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Wines made entirely from grapes grown in Japan are becoming popular for the way they match some types of Japanese cuisine.

Says Farm Co., a winery in Himi, Toyama Prefecture, was established by a local fish wholesaler who built a vineyard on a hill commanding a view of Toyama Bay and the Tateyama mountain range.

Although the city is known for its seafood, the winery began building the vineyard in 2007 in a bid to create a new indigenous product and job opportunities.

Local residents were initially skeptical at the company’s prospects because the area gets a lot of rain. But Says Farm worked to improve the soil quality of its vineyard by lacing it with oyster shells and taking other steps. Its efforts bore fruit in 2012, when the winery began full-scale wine sales.

The company produces 17,000 bottles per year. In particular, the chardonnay and other white wines the company produces are in strong demand from sushi and other seafood restaurants across the nation.

“We hope more people will come to know us as a new brand and tourist site in Himi,” said Kenji Iida, an executive at T-Marks, which manages the winery.

Chuo Budoshu Co., a pioneer in the domestic wine industry, uses grapes grown at an elevation of 700 meters in the city of Koshu, Yamanashi Prefecture, the heart of Japanese wine country.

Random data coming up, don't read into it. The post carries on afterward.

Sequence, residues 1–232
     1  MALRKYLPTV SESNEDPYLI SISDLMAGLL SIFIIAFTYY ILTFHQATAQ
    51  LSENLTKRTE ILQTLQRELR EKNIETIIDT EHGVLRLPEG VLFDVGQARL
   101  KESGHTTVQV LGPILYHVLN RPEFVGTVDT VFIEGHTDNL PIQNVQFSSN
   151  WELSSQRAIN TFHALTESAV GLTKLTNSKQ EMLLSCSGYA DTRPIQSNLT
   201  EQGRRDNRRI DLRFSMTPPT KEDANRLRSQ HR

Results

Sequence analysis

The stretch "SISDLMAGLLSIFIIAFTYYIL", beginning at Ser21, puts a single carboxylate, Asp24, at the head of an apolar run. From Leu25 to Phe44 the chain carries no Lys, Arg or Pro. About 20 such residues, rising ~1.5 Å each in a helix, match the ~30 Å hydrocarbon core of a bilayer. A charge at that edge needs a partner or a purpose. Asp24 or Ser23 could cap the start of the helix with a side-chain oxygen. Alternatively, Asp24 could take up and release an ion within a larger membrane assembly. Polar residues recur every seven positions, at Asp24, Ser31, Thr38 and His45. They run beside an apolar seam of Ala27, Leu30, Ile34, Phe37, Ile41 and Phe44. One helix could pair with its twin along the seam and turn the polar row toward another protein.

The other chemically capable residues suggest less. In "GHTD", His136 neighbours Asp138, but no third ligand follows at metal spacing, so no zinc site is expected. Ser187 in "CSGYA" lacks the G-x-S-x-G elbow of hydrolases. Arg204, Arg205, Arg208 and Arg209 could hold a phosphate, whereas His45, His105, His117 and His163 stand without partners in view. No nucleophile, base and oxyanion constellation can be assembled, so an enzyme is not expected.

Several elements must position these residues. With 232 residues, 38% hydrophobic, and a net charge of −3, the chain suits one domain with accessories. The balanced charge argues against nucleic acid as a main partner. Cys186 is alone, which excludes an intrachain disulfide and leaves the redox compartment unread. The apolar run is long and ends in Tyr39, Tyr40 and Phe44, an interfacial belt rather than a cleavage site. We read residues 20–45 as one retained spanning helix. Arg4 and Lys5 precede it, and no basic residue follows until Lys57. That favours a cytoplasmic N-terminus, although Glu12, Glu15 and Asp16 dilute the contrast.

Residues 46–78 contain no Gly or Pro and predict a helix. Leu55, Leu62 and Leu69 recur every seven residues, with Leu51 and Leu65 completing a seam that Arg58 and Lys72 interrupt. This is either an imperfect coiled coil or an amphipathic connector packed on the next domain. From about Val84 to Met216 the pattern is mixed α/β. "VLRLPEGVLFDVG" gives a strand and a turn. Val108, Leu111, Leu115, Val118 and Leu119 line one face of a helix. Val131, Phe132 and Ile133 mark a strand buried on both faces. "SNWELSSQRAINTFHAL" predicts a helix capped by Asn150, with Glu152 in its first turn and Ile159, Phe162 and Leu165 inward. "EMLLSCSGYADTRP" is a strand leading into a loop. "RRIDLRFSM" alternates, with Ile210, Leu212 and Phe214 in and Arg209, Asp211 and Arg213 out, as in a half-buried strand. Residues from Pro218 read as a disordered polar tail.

Koshu gets sunlight all year round, but its name also happens to be a variety of grape that is growing popular for the light, fruity white wine it produces. Like other wineries in Japan, Chuo Budoshu is promoting the use of “koshu” for “a next-generation wine” that suits Japanese cuisine, said Ayana Misawa, leader of the winery’s production section. The variety accounts for about 50 percent of its output.

Koshu has become an internationally recognized wine. Chuo Budoshu started exporting koshu to Britain in 2010 and now exports to nine European and Asian nations.

“Wines produced in Japan are hardly well-known internationally yet but have won strong trust in their quality,” Misawa claimed. “We want to develop our koshu wine into a brand that represents Japan.”

According to Suntory Wine International Ltd., consumption of locally produced wine in Japan has climbed in recent years, reflecting an improvement in taste resulting from advances in wine-making techniques and success at international contests.

Wine consumption came to 9.1 million liters in 2013, up 35 percent from five years ago.

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